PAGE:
Measuring what and how well students learn is an important building block in the process of strengthening and improving our nation's schools. Tests, along with student grades and teacher evaluations, can provide critical measures of students' skills, knowledge, and abilities. Therefore, tests should be part of a system in which broad and equitable access to educational opportunity and advancement is provided to all students. Tests, when used properly, are among the most sound and objective ways to measure student performance. But, when test results are used inappropriately or as a single measure of performance, they can have unintended adverse consequences.
Today, many school districts are mandating tests to measure student performance and to hold individual schools and school systems accountable for that performance. Knowing if and what students are learning is important. Test results give classroom teachers important information on how well individual students are learning and provide feedback to the teachers themselves on their teaching methods and curriculum materials.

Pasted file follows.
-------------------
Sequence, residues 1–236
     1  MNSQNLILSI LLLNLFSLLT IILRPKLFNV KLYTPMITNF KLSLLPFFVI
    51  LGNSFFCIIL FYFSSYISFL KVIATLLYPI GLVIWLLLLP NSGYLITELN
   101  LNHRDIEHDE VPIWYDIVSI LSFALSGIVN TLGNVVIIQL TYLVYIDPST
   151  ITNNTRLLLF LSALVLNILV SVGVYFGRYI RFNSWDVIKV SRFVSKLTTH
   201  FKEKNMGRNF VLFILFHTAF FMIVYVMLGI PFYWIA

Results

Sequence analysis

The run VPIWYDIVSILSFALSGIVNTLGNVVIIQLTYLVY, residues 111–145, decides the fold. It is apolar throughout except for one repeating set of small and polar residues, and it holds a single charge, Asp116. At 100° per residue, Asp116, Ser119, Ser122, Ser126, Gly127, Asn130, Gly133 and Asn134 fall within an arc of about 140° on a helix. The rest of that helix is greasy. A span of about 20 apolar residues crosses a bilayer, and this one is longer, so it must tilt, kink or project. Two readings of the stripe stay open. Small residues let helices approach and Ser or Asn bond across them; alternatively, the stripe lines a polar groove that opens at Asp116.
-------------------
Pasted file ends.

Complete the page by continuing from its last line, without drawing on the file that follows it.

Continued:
It is important to remember, however, that no test is valid for all purposes. Indeed, tests vary in their intended uses and in their ability to provide meaningful assessments of student learning. Therefore, while the goal of using large-scale testing to measure and improve student and school system performance is laudable, it is also critical that such tests are sound, are scored properly, and are used appropriately.
Some public officials and educational administrators are increasingly calling for the use of tests to make high-stakes decisions, such as whether a student will move on to the next grade level or receive a diploma. School officials using such tests must ensure that students are tested on a curriculum they have had a fair opportunity to learn, so that certain subgroups of students, such as racial and ethnic minority students or students with a disability or limited English proficiency, are not systematically excluded or disadvantaged by the test or the test-taking conditions. Furthermore, high-stakes decisions should not be made on the basis of a single test score, because a single test can only provide a "snapshot" of student achievement and may not accurately reflect an entire year's worth of student progress and achievement.
The potential problem with the current increased emphasis on testing is not necessarily the test, per se, but the instances when tests have unintended and potentially negative consequences for individual students, groups of students, or the educational system more broadly. But, it is also critical to remember that, in many instances, without tests, low-performing students and schools could remain invisible and therefore not get the extra resources or remedial help that they need.